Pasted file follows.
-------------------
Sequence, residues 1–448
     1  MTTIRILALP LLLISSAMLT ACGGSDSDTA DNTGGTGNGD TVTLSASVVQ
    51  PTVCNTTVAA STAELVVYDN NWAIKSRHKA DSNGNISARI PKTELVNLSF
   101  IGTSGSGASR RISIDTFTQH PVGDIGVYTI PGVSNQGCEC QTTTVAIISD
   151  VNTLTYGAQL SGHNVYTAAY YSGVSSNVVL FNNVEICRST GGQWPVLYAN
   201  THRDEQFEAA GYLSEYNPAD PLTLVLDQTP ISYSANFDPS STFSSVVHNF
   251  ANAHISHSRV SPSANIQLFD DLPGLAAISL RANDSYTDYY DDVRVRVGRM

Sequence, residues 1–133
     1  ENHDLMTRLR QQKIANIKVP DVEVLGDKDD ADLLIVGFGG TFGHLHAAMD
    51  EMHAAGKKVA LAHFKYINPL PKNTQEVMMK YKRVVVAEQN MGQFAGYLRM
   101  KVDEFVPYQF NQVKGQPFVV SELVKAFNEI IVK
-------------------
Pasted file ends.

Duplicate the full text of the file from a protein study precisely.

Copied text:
Sequence, residues 1–448
     1  MTTIRILALP LLLISSAMLT ACGGSDSDTA DNTGGTGNGD TVTLSASVVQ
    51  PTVCNTTVAA STAELVVYDN NWAIKSRHKA DSNGNISARI PKTELVNLSF
   101  IGTSGSGASR RISIDTFTQH PVGDIGVYTI PGVSNQGCEC QTTTVAIISD
   151  VNTLTYGAQL SGHNVYTAAY YSGVSSNVVL FNNVEICRST GGQWPVLYAN
   201  THRDEQFEAA GYLSEYNPAD PLTLVLDQTP ISYSANFDPS STFSSVVHNF
   251  ANAHISHSRV SPSANIQLFD DLPGLAAISL RANDSYTDYY DDVRVRVGRM

Sequence, residues 1–133
     1  ENHDLMTRLR QQKIANIKVP DVEVLGDKDD ADLLIVGFGG TFGHLHAAMD
    51  EMHAAGKKVA LAHFKYINPL PKNTQEVMMK YKRVVVAEQN MGQFAGYLRM
   101  KVDEFVPYQF NQVKGQPFVV SELVKAFNEI IVK